All the devices at the remote location could communicate with each other. The Android app is quite capable of syncing photos and videos using Syncthing, for instance. Then one device could be taken to the Internet location and it would transmit data on behalf of all the others – perhaps back to a computer at your home, or to a server somewhere. Perhaps a script running on the remote server would then move files out of the syncthing synced folder into permanent storage elsewhere, triggering a deletion to be sent to the phone to free up storage. When the phone gets back to the other devices, the deletion can be propagated to them to free up storage there too.

Or maybe you have a computer out in a shed or somewhere without Internet access that you go to periodically, and need to get files to it. Again, your phone could be a carrier.

Taking it a step further

If you envision a file as a packet, you could, conceivably, do something like tunnel TCP/IP over Syncthing, assuming generous-enough timeouts. It can truly handle communication.

But you don’t need TCP/IP for this. Consider some other things you could do:

  • Drop a script in a special directory that gets picked up by a remote server and run
  • Drop emails in a special directory that get transmitted and then deleted by a remote system when they’re seen
  • Drop files (eg, photos or videos) in a directory that a remote system will copy or move out of there
  • Drop messages (perhaps gpg-encrypted) — which could be text files — for someone to see and process.
  • Drop NNTP bundles for group communication

You can start to see how there are a lot of possibilities here that extend beyond just file synchronization, though they are built upon a file synchronization tool.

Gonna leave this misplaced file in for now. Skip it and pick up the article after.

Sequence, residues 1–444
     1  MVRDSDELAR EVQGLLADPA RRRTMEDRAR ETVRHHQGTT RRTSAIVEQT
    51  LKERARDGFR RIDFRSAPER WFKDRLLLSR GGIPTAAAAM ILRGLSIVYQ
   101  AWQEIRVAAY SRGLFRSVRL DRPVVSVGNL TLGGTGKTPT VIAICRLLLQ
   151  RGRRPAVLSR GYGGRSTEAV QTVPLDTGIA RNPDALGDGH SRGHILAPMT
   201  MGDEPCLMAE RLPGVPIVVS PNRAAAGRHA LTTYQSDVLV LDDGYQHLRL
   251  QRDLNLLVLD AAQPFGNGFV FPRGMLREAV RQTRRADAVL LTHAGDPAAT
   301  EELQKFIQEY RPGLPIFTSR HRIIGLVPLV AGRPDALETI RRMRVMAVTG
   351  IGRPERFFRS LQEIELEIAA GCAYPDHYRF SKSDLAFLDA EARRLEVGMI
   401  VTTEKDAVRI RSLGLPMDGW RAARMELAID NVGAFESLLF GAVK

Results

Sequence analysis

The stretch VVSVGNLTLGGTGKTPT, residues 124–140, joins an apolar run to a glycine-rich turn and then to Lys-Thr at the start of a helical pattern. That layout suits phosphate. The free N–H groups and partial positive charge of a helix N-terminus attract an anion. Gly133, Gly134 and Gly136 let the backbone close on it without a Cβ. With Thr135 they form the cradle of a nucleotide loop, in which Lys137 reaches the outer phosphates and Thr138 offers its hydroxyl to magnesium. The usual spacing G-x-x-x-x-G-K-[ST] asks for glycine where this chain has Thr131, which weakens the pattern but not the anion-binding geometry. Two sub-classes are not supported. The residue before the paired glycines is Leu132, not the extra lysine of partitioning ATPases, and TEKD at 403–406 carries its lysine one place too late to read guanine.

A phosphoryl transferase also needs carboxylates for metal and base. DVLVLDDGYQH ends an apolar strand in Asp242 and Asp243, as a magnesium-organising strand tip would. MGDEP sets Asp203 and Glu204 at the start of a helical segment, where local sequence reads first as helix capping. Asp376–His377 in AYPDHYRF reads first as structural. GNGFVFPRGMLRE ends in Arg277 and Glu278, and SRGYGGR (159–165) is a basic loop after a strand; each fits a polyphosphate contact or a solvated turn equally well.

Enter NNCP

Let’s look at a tool that’s especially suited for this: NNCP, which I’ve been writing about a lot lately.

NNCP is designed to handle file exchange and remote execution with remote computers in an asynchronous, store-and-forward manner. NNCP packets are themselves encrypted and authenticated. NNCP traditionally is source-routed (that is, you configure it so that machine A reaches machine D by relaying through B and C), and the packets are onion-routed. NNCP packets can be exchanged by a TCP call, a tar-like stream, copying files to something like a USB stick and physically transporting it to the remote, etc.

This works really well and I’ve been using it myself. But it gets complicated if the network topology isn’t fixed; it is difficult to reroute packets due to the onion routing, for instance. There are various workarounds that could be used — but why not just use Syncthing as a transport in those cases?

nncp-xfer is the command that exchanges packets by writing them to, and reading them from, a directory. It is what you’d use to exchange packets on a USB stick. And what you’d use to exchange packets via Syncthing. It writes packets in a RECIPIENT/SENDER/PACKET directory structure, so it is perfectly fine to have multiple systems exchanging packets in a single Syncthing synced folder tree. This structure also allows leaf nodes to only carry the particular packets they’re interested in. The packets are all encrypted, so they can be freely synced wherever.

Since Syncthing opportunistically syncs a shared folder with any device the folder is shared with, a phone could very easily be the NNCP transport, even if it has no idea what NNCP is. It could carry NNCP packets back and forth between sites, or to the Internet, or whatever.